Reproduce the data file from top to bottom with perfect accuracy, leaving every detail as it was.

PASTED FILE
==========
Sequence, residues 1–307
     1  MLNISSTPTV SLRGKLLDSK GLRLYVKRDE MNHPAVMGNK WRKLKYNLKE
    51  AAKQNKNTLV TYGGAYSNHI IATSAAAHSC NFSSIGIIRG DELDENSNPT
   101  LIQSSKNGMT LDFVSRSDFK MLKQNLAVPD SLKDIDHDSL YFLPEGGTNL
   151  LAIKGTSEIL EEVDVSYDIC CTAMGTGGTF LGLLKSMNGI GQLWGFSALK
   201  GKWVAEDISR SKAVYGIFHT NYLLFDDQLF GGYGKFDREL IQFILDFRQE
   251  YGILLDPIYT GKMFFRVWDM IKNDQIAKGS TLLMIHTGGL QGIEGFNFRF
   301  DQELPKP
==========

Sequence, residues 1–307
     1  MLNISSTPTV SLRGKLLDSK GLRLYVKRDE MNHPAVMGNK WRKLKYNLKE
    51  AAKQNKNTLV TYGGAYSNHI IATSAAAHSC NFSSIGIIRG DELDENSNPT
   101  LIQSSKNGMT LDFVSRSDFK MLKQNLAVPD SLKDIDHDSL YFLPEGGTNL
   151  LAIKGTSEIL EEVDVSYDIC CTAMGTGGTF LGLLKSMNGI GQLWGFSALK
   201  GKWVAEDISR SKAVYGIFHT NYLLFDDQLF GGYGKFDREL IQFILDFRQE
   251  YGILLDPIYT GKMFFRVWDM IKNDQIAKGS TLLMIHTGGL QGIEGFNFRF
   301  DQELPKP